Welcome to familysmarts.net. In this third post I move past the stage of simply ‘counting’ things in the household datasets I generate, to a new stage where I seek a different type of data to support probing family data science related questions.
If you are new to this site, here is a brief overview. Since 2013, I have been experimenting with family data science – or the process of drawing deeper understanding and insights to help my wife and daughters grow, stay healthy and be happy. I am not (yet) one of those obsessed quantified-self data geeks nor do I buy into the fitness tracker fads either. I also have no intentions of replacing intuition and the good ol’ role of parenting with smart bots to guide your loved ones towards doing the right thing. Rather, I am just a curious dad who is convinced that a little 21st century IT along with a stream of the right data and analytics can help reinstate a healthy dose of household conscientiousness in between the joy, pressures and chaos of everyday family life.
I generate and maintain datasets that record key aspects of my family’s day-to-day lives. I use these datasets to drive most of my family data science experiments and they can be grouped in one of two ways.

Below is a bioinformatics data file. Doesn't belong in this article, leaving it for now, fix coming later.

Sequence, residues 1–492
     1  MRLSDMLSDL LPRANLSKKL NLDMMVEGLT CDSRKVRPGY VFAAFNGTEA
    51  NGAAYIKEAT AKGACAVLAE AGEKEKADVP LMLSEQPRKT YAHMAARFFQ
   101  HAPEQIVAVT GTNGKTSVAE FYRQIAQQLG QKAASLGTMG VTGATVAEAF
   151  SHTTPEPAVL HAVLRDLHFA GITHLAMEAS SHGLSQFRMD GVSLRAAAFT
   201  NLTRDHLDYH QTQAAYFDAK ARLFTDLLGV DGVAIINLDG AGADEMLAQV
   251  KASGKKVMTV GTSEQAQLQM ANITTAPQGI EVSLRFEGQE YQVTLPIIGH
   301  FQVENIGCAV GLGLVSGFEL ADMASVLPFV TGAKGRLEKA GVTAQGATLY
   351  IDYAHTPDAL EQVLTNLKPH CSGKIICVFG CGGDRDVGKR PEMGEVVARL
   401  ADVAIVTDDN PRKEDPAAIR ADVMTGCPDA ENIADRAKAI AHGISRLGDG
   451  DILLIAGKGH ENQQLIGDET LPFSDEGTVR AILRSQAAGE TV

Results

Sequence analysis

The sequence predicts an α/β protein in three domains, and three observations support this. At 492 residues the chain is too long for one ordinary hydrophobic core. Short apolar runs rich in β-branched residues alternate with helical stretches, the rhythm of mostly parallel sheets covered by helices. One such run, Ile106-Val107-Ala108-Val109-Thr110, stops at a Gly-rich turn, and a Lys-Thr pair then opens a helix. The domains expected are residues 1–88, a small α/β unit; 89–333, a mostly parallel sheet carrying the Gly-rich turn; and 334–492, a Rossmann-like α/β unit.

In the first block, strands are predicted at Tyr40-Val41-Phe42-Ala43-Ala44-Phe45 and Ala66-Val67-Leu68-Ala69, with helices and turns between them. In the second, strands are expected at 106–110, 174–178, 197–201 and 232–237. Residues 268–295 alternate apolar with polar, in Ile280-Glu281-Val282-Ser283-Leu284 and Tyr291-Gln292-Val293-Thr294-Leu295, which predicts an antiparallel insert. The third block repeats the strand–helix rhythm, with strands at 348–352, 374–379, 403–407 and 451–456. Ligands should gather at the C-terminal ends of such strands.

The first group is mostly transactional in nature. Credit card purchases, blood test results or dance practice attendance are just a few examples of datasets in this group.
The second group is mostly analytical in nature. These datasets aggregate, or count the different aspects recorded in the day-to-day transactional events.
During the first few years of running my family data science experiments, I happily collected and aggregated this information. For example, I could tell you the number of hours my daughters spent at dance practice,how many times my wife and oldest daughter suffered from bronchitis during winter months, or the months during which I sent the most work-related emails.
These analytics can be amusing for a little while, but as dad and husband, I wanted answers to more probing questions. I wanted to know what happens to my daughter’s respiratory issues when we cut lactose for a period of six months? How do my wife’s sleep patterns improve when she goes swimming on a regular basis? Does my standing heart rate decrease during weeks of healthy eating and intense exercise?
To answer these types of questions I needed a new type of dataset. One that would do less ‘counting’ of day-to-day events and instead more ‘explaining’ of how these events come together in unique ways that help my family grow, stay healthy and be happy.